If you’re lonely – there’s good news. You no longer have to spend every night on the couch by yourself. The secret to a rich, fuller life in the company of others is now as easy as a free instructional video. Frederick Von Scholar’s How-to Series has taken on ‘How to Make Friends’, and in only a few minutes, the party can start. Well, not exactly, but the intentionally out of touch irony by writer/director Jim Allison is a definite pick me up and will get you laughing – even if you are all alone.

The four and a half minute short film first takes us back to the heyday of self-help. The sounds of the old style film projector reminds of the gullibility society had for easy fixes, and the same goes for the out-of-the-era animation by Allison. Far from the scores of sketches to simulate complex motion – a drawing appears; then maybe another sketch or two is about all the movement we get. Thus, the blatant unsophistication shows how eager we were to accept whatever help these so-called experts provided.

The spot on narration of Jason McCoy and Juan Carlos Hernandez piles on too. Non-threatening and self assured at the same time, people must have been way too accepting, and adding in the nondescript elevator music by Martinet A. Sunshi has us wondering how America made it out of the 70’s.

As for the main character on our journey, his noninvasive appearance makes him very relatable and amenable to intervention. Blonde hair, a pearly white smile and attire that must have been bought on the cheap from Woolworth’s, we, in an odd way, see ourselves. He deserves to have friends – and the same goes for us.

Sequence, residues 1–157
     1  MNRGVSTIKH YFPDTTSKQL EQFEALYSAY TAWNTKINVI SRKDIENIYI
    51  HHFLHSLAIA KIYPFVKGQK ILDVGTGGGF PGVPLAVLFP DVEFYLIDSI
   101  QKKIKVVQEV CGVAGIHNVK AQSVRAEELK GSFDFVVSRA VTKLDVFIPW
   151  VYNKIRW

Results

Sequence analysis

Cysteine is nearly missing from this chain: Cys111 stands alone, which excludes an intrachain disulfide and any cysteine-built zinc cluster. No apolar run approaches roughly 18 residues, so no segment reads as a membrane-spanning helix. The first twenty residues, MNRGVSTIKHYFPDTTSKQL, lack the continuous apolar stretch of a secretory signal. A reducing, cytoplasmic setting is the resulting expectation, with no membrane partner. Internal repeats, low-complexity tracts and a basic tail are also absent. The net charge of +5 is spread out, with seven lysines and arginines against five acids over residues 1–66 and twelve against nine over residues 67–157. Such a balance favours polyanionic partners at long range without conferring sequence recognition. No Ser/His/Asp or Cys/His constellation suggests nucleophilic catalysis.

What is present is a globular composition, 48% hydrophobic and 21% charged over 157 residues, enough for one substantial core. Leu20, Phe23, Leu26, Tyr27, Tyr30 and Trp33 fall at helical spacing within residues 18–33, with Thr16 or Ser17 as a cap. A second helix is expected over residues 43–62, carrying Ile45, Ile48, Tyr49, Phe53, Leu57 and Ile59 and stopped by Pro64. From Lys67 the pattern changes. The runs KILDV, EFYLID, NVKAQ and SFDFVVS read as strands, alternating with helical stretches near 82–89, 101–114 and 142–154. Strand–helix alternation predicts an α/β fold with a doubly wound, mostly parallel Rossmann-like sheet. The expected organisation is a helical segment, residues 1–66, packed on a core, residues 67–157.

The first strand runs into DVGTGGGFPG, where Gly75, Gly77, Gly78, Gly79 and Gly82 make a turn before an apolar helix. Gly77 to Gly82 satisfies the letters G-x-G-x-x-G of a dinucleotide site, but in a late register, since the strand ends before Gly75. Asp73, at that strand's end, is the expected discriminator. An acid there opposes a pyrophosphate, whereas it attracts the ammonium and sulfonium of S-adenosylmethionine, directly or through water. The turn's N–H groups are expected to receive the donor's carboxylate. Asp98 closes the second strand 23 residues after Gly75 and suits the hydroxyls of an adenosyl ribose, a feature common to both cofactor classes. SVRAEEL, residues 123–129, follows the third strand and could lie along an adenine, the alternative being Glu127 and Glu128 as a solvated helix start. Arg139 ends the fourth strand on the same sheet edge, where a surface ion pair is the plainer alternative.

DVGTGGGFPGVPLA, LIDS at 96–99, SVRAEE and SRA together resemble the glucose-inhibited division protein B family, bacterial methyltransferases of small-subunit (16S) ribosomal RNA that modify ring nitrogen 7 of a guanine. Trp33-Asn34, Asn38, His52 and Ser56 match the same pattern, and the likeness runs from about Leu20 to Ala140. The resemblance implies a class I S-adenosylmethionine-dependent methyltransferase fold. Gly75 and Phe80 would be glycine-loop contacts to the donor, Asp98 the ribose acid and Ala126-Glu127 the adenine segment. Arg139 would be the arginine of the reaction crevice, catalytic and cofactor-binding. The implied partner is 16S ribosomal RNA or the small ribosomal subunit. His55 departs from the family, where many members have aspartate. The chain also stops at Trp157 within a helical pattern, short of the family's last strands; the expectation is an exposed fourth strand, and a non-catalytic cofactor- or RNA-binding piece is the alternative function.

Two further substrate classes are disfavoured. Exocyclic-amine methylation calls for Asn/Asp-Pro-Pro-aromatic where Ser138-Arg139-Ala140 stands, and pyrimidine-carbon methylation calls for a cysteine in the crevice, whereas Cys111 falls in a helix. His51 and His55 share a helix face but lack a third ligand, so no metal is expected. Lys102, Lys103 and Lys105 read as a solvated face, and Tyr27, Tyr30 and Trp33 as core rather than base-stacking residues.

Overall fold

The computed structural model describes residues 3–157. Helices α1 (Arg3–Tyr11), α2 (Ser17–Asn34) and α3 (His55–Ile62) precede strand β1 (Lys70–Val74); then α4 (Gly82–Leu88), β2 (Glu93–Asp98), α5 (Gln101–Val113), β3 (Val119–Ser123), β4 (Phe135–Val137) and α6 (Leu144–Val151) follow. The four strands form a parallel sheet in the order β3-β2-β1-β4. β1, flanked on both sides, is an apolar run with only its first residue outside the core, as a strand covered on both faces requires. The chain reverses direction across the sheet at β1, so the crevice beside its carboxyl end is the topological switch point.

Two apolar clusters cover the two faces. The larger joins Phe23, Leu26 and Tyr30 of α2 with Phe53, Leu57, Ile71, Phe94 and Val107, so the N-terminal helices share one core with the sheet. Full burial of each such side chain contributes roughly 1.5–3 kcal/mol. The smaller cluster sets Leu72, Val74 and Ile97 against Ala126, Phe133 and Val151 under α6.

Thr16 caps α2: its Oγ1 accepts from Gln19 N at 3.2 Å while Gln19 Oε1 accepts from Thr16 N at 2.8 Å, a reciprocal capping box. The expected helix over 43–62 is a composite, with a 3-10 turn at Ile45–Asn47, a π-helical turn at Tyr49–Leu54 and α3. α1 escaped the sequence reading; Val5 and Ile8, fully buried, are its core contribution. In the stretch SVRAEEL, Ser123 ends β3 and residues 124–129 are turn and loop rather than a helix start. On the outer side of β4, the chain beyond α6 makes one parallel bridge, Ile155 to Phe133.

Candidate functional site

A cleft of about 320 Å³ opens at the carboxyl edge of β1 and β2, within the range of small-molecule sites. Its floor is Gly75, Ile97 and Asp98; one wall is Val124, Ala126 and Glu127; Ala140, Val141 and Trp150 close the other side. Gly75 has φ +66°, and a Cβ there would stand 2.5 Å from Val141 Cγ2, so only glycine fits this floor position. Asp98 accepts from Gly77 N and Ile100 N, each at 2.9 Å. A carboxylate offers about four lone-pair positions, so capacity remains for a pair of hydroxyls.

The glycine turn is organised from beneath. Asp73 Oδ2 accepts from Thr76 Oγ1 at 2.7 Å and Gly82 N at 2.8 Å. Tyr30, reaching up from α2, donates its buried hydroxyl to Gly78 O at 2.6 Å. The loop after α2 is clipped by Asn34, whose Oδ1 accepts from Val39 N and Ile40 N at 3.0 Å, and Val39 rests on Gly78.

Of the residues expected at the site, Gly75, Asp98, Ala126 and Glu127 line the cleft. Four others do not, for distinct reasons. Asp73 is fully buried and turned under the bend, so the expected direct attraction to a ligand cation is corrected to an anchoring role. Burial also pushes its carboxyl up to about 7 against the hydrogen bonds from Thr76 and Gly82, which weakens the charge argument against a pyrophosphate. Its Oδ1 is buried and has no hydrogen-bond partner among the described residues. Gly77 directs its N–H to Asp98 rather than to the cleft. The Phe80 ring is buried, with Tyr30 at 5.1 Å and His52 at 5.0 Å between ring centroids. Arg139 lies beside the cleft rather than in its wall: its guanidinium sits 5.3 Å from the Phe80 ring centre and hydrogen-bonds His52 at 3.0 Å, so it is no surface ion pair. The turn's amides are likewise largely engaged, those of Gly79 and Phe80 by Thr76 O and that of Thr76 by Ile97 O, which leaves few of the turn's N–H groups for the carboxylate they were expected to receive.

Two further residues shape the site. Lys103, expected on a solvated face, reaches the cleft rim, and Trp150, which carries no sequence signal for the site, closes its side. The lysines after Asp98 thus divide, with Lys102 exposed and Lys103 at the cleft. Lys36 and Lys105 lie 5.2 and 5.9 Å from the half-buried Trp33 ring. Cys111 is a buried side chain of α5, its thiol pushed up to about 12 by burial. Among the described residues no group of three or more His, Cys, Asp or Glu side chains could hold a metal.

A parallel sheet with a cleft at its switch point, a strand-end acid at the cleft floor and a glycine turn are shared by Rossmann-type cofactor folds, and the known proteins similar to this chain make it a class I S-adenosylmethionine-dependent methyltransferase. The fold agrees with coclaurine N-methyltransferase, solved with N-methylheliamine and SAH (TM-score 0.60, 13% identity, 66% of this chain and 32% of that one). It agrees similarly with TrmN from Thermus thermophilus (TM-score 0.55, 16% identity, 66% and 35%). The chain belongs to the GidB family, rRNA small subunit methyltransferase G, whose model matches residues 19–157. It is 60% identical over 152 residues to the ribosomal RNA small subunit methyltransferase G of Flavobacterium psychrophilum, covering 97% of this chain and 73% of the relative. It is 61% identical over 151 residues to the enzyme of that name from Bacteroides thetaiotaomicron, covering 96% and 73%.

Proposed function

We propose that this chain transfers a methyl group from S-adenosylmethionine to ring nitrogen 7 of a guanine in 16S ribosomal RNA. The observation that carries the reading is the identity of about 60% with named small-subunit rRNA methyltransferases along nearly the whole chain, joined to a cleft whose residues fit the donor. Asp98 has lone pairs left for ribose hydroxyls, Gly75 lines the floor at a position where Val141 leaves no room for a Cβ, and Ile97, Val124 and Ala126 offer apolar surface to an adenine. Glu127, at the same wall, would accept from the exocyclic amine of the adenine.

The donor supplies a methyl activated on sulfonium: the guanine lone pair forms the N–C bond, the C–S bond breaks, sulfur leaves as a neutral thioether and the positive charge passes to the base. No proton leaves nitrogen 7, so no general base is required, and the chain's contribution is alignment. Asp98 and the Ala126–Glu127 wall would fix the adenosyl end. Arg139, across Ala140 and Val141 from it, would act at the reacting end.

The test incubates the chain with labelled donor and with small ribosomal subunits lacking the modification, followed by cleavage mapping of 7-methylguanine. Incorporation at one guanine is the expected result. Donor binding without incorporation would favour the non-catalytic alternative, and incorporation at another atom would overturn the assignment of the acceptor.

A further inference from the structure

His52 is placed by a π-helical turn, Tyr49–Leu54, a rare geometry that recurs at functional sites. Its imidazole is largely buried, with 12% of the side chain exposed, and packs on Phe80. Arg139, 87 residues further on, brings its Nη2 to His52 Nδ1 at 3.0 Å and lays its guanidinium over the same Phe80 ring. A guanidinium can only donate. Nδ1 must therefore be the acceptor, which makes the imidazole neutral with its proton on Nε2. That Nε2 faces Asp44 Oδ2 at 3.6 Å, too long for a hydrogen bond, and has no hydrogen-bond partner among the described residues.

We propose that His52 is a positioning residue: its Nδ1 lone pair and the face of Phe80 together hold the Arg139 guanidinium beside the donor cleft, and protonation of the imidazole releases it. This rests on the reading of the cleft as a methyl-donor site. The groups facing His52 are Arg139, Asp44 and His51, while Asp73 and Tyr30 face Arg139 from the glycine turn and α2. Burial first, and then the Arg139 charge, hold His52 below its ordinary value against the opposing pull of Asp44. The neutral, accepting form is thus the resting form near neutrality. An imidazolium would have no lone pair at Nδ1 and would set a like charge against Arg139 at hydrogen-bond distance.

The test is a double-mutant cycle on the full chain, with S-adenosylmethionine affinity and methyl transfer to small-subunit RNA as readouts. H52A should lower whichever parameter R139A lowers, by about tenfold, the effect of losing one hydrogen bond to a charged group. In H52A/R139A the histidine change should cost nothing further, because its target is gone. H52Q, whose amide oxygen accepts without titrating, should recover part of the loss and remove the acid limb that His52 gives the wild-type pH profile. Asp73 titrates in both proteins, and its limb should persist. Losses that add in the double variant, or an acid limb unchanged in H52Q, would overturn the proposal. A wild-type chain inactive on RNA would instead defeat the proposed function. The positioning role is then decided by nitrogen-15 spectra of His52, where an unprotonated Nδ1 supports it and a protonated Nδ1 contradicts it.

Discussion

Still, we get the irony, but the assuring presentation also keeps us open to the possibility of solving our own isolation. And away we go, ‘Make Yourself Available’ starts the actual self-improvement part of the program.

Who says common sense can’t be part of self help, but buckle up, here we go. A prostitute bending into the window of an old man John, and the misdirection come across clearly in McCoy’s cautioning.

‘Not too available’, and the simple animation reinforces the dry deadpan. One added image has the prostitute/friend seeker turning to the camera, and her surprised look has us almost believing that Frederick’s help can actually work.

Remaining on point, there’s no change in the narrator’s knowing tone, and despite the lunacy, the discourse presses on as though it is real. Playing along, we can’t help feeling less lonely, and as a result, we are coaxed to the possibilities.

So we continue. If you see an opportunity to meet people, take it, if someone invites you to an event, go for it, and always be in the present are among the normal common sense tips provided. That said, we don’t miss a beat when the scene goes completely off the rails.

However, from our contemporary sophistication, we get the joke, and even leaving the obvious irony out, how is it that our elders were ever persuaded by such silly presentations.

Of course in our honed sense of what a scam is, getting taken like this could not happen to us. But have you noticed Scientology, Dr. Phil and all the books and videos that continue to sell self-help. The overwhelming prevalence doesn’t even take into account all those who are fooled by social media stories that have no basis in reality.

So Frederick Von Scholar, we eagerly await your 2060 version of ‘How to Make Friends’ and those people can question us – and get a good laugh too.